The change is good...for comedy: 'Menopause' a marvelous antidepressant at ACT

Menopause may have been the silent passage. But not anymore. Not if "Menopause the Musical" has its way. Making its Seattle bow in an open-ended run at ACT Theatre, this sassy musical revue celebrates women with plenty of attitude and a sensational cast. The show is boisterous, brassy, bawdy, satirical - and hilarious.

Menopause has long been a taboo topic in some circles - synonymous with old age. But thanks to this musical, hordes of women across the country are flocking to the theater to share and celebrate. Even a few good men, who will probably never be the same, are joining the frivolity.

But don't expect classic musical theater like "Gypsy," "Guys and Dolls" and "My Fair Lady." Inspired by a hot flash and a bottle of wine, writer/lyricist/producer Jeanie Linders created the parody to salute women on the brink of, in the middle of or survivors of "The Change." As humor bonds them together, even the production announcement - to place cellphones and beepers on vibrate - gets a huge laugh

None of the performers are runway models, thank you very much. They're not 20-something; they're not skinny. They just real woman, and we recognize all of them from people we already know.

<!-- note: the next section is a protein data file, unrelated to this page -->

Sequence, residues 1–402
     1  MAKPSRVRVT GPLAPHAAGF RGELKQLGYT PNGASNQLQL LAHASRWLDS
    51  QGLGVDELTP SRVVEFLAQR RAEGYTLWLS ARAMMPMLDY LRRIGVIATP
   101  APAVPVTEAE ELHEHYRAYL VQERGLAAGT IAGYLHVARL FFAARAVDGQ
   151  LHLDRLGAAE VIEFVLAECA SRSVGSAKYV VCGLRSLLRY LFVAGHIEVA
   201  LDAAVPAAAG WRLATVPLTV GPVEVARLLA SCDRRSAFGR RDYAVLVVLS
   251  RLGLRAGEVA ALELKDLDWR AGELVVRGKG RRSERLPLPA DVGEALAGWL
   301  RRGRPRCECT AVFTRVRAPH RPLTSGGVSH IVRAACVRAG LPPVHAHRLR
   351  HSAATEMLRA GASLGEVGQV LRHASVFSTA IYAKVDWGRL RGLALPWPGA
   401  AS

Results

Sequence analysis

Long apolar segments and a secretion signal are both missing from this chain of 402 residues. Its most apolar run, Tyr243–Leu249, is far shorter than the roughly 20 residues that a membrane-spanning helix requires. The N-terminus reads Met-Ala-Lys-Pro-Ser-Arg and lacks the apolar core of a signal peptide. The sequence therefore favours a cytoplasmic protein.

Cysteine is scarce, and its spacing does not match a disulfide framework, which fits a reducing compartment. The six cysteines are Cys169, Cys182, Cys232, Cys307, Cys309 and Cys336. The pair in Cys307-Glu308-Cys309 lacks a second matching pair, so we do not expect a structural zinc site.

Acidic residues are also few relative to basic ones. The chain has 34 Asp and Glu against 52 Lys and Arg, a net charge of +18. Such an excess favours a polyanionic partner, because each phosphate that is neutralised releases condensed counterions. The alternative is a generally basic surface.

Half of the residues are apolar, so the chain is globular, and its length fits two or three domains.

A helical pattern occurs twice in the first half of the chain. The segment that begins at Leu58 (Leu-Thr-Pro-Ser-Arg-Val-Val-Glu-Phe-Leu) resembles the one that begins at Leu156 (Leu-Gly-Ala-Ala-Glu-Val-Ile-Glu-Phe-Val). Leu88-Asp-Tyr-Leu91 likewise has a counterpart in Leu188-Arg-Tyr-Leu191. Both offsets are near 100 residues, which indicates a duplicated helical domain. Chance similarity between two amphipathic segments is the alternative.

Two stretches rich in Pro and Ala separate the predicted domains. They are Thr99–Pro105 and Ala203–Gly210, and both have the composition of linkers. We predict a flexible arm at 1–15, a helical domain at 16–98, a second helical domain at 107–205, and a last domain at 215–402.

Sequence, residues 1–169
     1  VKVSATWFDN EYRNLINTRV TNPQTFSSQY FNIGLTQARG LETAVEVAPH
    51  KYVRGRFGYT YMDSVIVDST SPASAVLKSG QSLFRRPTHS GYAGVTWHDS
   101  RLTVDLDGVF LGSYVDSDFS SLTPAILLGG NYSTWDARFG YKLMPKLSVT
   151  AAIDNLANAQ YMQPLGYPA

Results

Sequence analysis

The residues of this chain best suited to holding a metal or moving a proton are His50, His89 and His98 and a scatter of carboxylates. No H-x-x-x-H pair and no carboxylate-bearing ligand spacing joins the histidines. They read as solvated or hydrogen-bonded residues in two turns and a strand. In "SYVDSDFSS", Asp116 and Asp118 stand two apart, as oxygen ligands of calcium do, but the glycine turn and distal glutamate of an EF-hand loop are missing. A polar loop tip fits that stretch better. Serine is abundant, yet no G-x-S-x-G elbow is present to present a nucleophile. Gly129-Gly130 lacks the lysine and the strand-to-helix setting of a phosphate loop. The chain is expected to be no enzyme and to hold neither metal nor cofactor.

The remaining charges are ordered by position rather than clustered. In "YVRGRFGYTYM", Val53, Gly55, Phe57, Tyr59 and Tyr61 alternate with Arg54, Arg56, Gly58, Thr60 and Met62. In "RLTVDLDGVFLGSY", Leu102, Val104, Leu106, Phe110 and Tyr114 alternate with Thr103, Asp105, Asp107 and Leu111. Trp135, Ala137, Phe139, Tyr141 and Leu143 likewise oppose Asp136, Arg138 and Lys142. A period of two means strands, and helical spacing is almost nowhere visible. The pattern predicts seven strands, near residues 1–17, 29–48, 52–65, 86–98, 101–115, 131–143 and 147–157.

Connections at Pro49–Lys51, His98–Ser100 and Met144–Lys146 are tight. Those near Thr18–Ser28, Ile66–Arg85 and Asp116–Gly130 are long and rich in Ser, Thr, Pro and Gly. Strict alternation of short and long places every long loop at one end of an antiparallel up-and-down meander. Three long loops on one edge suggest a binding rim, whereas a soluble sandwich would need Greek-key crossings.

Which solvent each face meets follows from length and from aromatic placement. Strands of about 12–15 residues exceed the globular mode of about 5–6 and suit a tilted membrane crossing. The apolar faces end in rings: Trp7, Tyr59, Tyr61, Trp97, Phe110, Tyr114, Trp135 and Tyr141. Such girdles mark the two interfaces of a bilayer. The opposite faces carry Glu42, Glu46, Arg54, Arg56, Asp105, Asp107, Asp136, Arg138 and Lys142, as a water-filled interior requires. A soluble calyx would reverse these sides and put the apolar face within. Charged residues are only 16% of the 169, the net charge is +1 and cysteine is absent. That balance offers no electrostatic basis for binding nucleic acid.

Directed by Michael Larsen, "Menopause the Musical" unfolds on various floors of a simulated version of Bloomingdale's in New York City. When four very different women tussle over a black lace brassiere in the lingerie department, they soon find common ground and musical release.

The dynamic ensemble of four is made up of Cynthia Jones as the cellphone-talking, power-woman executive; Juliet Hicks as a soap-star diva still playing ingénues at 40; Laura Lee O'Connell as a married Iowa housewife and mother of four; and Jayne Muirhead as an Earth Mother with one foot still stuck in the '60s.

These performers are terrific, whether they're soloing or singing together. They've got the voices, the moves and the timing. They can bump and grind like strippers, deliver disco dips circa John Travolta, doo-wop like the Supremes and play backup band with kitchen utensils.